I’m a big fan of a bucket list. And checking things off that bucket list brings such a sense of accomplishment. I have ongoing lists tucked in little corners of my apartment and living on my iPhone that continually get updated with new ideas and adventures. And sometimes, I even get to check things off those lists.
Last week, Charlie and I rented a sturdy silver Camry and drove from Brooklyn to Los Angeles. We’d been planning this road trip for the past few months, constantly debating over routes and pit stops. In the end, we made very few plans or arrangements in advance, opting instead to see where each day led us. And this spontaneity, I think, resulted in one of the best experiences I’ve had.
Charlie has taken some epic road trips in the past. (Oh, college years, where did you go?) Since this was my first cross-country drive, he assured me that these memories would stick with us. They’ll pop up when we least expect it, he said, and remind us of that one time we got a crazy idea stuck in our heads and decided to drive to Los Angeles. Here are some of the highlights of our trip.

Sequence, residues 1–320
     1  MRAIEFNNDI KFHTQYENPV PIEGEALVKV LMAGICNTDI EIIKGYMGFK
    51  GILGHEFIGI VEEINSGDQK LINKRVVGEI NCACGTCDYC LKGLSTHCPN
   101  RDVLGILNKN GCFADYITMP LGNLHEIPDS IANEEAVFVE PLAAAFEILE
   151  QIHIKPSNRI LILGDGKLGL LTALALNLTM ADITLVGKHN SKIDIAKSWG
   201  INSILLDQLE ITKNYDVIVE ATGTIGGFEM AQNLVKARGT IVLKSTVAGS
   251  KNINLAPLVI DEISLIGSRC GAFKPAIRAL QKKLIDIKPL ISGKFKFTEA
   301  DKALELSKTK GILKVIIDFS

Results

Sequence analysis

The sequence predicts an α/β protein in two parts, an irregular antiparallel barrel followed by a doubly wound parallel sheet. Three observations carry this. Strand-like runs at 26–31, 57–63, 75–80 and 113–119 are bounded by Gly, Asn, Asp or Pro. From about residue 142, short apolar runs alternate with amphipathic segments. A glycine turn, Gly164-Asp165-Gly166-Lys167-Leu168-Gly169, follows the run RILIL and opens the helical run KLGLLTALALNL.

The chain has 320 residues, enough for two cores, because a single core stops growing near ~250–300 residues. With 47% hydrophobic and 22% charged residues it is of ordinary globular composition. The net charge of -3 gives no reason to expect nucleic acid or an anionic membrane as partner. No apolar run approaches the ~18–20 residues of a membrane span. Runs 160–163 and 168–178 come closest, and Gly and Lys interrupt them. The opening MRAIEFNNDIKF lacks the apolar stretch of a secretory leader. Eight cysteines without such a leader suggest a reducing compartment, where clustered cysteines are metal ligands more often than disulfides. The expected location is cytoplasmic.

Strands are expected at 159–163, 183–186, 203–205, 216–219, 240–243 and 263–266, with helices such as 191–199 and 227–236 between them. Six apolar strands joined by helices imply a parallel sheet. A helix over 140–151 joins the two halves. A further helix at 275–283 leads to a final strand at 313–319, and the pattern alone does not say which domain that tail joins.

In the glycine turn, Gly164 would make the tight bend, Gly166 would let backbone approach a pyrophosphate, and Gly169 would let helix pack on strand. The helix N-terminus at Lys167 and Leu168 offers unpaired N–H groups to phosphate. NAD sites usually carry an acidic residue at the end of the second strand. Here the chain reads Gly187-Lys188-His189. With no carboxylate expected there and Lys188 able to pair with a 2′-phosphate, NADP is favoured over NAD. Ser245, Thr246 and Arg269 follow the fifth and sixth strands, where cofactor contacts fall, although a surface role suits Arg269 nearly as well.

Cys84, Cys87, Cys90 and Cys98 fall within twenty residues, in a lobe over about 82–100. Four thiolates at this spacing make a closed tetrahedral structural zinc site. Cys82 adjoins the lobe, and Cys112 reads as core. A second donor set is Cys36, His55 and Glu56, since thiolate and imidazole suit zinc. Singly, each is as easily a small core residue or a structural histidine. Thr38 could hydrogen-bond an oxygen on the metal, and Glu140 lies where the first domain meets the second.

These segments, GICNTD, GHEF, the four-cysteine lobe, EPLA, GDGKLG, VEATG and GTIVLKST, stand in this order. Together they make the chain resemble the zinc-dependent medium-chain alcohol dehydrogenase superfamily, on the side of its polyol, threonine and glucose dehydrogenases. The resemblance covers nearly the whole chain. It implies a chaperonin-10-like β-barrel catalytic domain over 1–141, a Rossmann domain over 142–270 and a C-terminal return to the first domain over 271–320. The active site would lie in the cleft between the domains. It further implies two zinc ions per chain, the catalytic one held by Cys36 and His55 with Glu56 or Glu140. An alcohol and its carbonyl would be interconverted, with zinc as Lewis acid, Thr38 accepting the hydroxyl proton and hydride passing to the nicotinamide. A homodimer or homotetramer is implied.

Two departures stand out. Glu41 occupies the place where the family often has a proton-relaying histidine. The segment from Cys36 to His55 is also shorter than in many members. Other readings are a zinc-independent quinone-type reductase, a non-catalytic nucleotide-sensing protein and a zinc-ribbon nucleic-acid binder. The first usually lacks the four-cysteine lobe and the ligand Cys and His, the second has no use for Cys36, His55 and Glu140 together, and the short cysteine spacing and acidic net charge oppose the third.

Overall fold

One of our first stops was in Nashville. Although I really wanted to take a detour along the Appalachian Trail (another bucket list item; another trip altogether), we decided it was more feasible to make a stop in either Memphis or Nashville. To be honest, we were both craving some BBQ, so these seemed like the most obvious choices for a first-rate meal. What good vacation doesn’t revolve around food? Not one of ours, I’ve decided. Nashville was the closer of the two cities and a quick google search told me that Jack’s BBQ was THE place for ribs.
Oh yeah, we were not disappointed. This pile of meat is not for the faint of heart.
And after a 12 hour drive, this sure hit the spot. Not pictured here are our beers. Those might have been the most well-deserved beers I’ve tasted on this side of the Mississippi.
We recommend Jack’s on Broadway if you ever find yourself in Nashville.